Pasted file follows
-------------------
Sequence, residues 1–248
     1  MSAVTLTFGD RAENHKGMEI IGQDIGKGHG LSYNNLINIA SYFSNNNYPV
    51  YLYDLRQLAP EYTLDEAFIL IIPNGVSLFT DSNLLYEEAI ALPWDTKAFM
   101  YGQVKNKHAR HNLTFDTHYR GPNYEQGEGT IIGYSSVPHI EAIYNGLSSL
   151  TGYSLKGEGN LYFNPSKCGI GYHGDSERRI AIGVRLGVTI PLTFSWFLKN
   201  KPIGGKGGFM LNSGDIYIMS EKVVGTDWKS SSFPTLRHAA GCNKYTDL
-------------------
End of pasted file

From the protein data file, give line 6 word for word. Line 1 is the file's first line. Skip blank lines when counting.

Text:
   201  KPIGGKGGFM LNSGDIYIMS EKVVGTDWKS SSFPTLRHAA GCNKYTDL